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Understanding Stability of Protein-Protein Complexes

Agius, R; (2015) Understanding Stability of Protein-Protein Complexes. Doctoral thesis , UCL (University College London). Green open access

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For all living organisms, macromolecular interactions facilitate most of their natural functions. Alterations to macromolecular structures through mutations, can affect the stability of their interactions, which may lead to unfavourable phenotypes and disease. Presented here, are a number of computational methods aimed at uncovering the principles behind complex stability - as described by binding affinity and dissociation rate constants. Several factors are known to govern the stability of protein-protein interactions, however, no one factor dominates, and it is the synergistic effect of a number of contributions, which amount to the affinity, and stability of a complex. The characterization of complex stability can thus be presented as a two-fold problem; modelling the individual factors and modelling the synergistic effect of the combination of such individual factors. Using machine learning as a central framework, empirical functions are designed for estimating affinity, dissociation rates and the effects of mutations on these properties. The performance of all models is in turn benchmarked on experimental data available from the literature and carefully curated datasets. Firstly, a wild-type binding free energy prediction model is designed, composed of a diverse set of stability descriptors, which account for flexibility and conformational changes undergone by the complex in question. Similarly, models for estimating the effects of mutations on binding affinity are also designed and benchmarked in a community-wide blind trial. Emphasis here is on the detection of a small subset of mutations that are able to enhance the stability of two de novo protein drugs targeting the flu virus hemagglutinin. Probing further the determinants of stability, a set of descriptors that link hotspot residues with the off-rate of a complex are designed, and applied to models predicting changes in off-rate upon mutation. Finally, the relationship between the distribution of hotspots at protein interfaces, and the rate of dissociation of such interfaces, is investigated.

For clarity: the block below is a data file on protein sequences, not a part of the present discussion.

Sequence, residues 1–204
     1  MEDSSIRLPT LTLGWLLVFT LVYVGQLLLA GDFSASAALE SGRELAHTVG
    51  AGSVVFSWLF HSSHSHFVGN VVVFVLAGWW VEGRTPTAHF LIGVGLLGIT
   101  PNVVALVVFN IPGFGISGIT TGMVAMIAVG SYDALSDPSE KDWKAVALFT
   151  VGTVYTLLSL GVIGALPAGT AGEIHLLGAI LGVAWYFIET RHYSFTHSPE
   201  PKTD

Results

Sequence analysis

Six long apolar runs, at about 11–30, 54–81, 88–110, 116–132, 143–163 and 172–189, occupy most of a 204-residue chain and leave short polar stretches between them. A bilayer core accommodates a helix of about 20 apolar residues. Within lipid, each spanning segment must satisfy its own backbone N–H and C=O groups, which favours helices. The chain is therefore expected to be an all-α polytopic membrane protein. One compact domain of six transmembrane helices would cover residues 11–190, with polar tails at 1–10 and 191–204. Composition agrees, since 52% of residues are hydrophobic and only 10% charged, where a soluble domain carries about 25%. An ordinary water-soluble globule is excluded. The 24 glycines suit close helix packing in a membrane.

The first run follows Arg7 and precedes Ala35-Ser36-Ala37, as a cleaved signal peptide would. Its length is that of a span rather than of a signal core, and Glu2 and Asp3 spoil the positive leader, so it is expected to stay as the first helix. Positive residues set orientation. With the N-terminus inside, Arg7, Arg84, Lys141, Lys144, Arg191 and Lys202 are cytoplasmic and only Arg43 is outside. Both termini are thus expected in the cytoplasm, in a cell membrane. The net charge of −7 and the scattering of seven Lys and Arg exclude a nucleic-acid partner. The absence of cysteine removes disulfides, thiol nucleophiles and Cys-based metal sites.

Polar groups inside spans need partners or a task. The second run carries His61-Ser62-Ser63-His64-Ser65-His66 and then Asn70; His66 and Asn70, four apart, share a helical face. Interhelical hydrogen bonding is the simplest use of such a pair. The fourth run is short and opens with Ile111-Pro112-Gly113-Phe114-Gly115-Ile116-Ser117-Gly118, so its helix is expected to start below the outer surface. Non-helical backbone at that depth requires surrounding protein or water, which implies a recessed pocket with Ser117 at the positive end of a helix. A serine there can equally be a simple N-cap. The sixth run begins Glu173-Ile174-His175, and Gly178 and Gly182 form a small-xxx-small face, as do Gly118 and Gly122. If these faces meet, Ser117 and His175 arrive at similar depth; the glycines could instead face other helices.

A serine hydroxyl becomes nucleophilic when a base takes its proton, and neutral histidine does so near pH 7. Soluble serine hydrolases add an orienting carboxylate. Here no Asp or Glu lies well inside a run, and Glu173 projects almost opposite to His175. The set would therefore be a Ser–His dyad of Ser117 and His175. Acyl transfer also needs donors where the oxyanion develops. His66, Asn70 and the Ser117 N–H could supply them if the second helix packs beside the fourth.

Type: Thesis (Doctoral)
Title: Understanding Stability of Protein-Protein Complexes
Open access status: An open access version is available from UCL Discovery
Language: English
UCL classification: UCL > Provost and Vice Provost Offices
UCL > Provost and Vice Provost Offices > School of Life and Medical Sciences
UCL > Provost and Vice Provost Offices > School of Life and Medical Sciences > Faculty of Life Sciences
URI: https://discovery.ucl.ac.uk/id/eprint/1462393
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